This year marks the 130th anniversary of the Schulich School of Medicine & Dentistry at Western. Michael Strong, Schulich dean, says the school is using the opportunity to take pause and celebrate the history and achievements that have become an important part of its fabric.
“A lot of people don’t realize how much history there actually is here,” Strong says. “From humble beginnings on James Street, we’ve experienced many significant advancements and contributed massively to health care innovation over the last 130 years.”
Those humble beginnings grew out of vision of about a dozen general practitioners in the early-1880s who saw the need for a medical school in London. They funded the building and library from their own pocketbooks, and each taught one lecture per day. The initial classrooms were in a cottage on James Street. As the story goes, the groundskeeper taught anatomy and had the only key to the bookcase. The first lecture was held on Oct. 1, 1882 with 15 eager students enrolled in the very first class.
“It was an amateur, but also a very community-minded beginning,” says Dr. Paul Potter, former Hannah Chair in the History of Medicine at Schulich. He also has a storied history with the school having taught there for the last 37 years. “I think their vision was to provide health care to the city, and to create an environment where expertise in medicine could be developed here.”
And, he says, that’s exactly what has happened over the last 13 decades.
The period directly after the Second World War produced a wealth of ground-breaking health research coming out of the school.
Dr. George Edward Hall, the former dean of medicine who went on to be university president, worked closely with Dr. Bertram Collip, who became dean in 1947, to build up the scientific emphasis at the school. In a very short period of time, during Collip’s tenure as dean, four very important medical breakthroughs occurred at the school.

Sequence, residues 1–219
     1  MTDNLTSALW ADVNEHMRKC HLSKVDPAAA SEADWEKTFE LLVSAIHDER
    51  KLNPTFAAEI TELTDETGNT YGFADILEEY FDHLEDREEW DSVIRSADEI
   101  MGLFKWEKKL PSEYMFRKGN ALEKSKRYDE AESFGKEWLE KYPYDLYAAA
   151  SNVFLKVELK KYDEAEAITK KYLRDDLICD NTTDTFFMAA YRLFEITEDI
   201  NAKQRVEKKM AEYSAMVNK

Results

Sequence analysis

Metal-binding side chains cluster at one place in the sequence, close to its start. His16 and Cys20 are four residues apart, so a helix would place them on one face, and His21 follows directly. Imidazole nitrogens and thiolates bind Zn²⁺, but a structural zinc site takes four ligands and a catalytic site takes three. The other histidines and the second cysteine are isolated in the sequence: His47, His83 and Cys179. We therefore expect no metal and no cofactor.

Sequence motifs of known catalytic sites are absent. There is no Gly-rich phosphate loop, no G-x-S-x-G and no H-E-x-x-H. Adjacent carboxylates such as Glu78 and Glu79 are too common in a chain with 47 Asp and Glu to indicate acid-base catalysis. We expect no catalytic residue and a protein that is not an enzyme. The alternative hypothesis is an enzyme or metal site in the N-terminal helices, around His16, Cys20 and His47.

First, Dr. Murray Barr discovered the sex-chromatin, now known as the ‘Barr body,’ which effectively launched the entire field of genetics in the second half of the century. Second, in 1951, doctors delivered the world’s first cancer radiation therapy to ovarian cancer patients using the ‘cobalt bomb.’ Just a few years later, Dr. Robert Noble and Dr. Charles Beer further advanced treatment for cancer by discovering the first chemotherapy drug, called vincaleukablastine (now commonly known as vinblastine). And in 1958, Dr. Charles Drake pioneered a surgical procedure to correct cerebral aneurysms.
“I think we can safely say that was the period when we got onto the world stage in science,” Potter says, adding the next 60 years saw the momentum continue. The addition of the dental school in 1966 and the emergence of expertise in transplantation, imaging, neurology and robotics solidified a much more specialized approach to medicine.
Potter says there likely wouldn’t be a university at all if it weren’t for the medical school. The university would have lost its charter without medicine as its only faculty when other early faculties collapsed in 1885.
“The city without the university and especially without the medical school is hard to imagine, isn’t it?” he says.
That first class of 15 paved the way for the education of thousands.
Last year, Schulich enrolled 525 graduate students, 623 medical students, 224 dentistry students, more than 800 trainees in residency and more than 700 in third- and fourth-year of a bachelor of medical sciences program (a joint program with the Faculty of Science). The school has seen tremendous expansion of its programs into the community with the development of the Windsor Program and Southwestern Ontario Medical Education Network, both building upon its exceptional reputation for clinical learning and hands-on research experience.
So, what does the next 130 years hold?
Strong says the next move for the school is to become a global leader in understanding the sustainability of health across the age-spectrum.
“That’s more than just a string of words,” he says. “It means we as a school have to take a leadership role in understanding everything from genetics to how those genetics are modified by your environment and how that then impacts upon your development as you grow older.”
Once understood, he hopes to translate that knowledge into action through a school for public health and public health policy. Both will be in place at Schulich by the year 2013.
“It will fundamentally change our imprint as a school,” he says. “That will get us started on the next 120 years after that.”
Crystal Mackay is communications coordinator at Schulich School of Medicine & Dentistry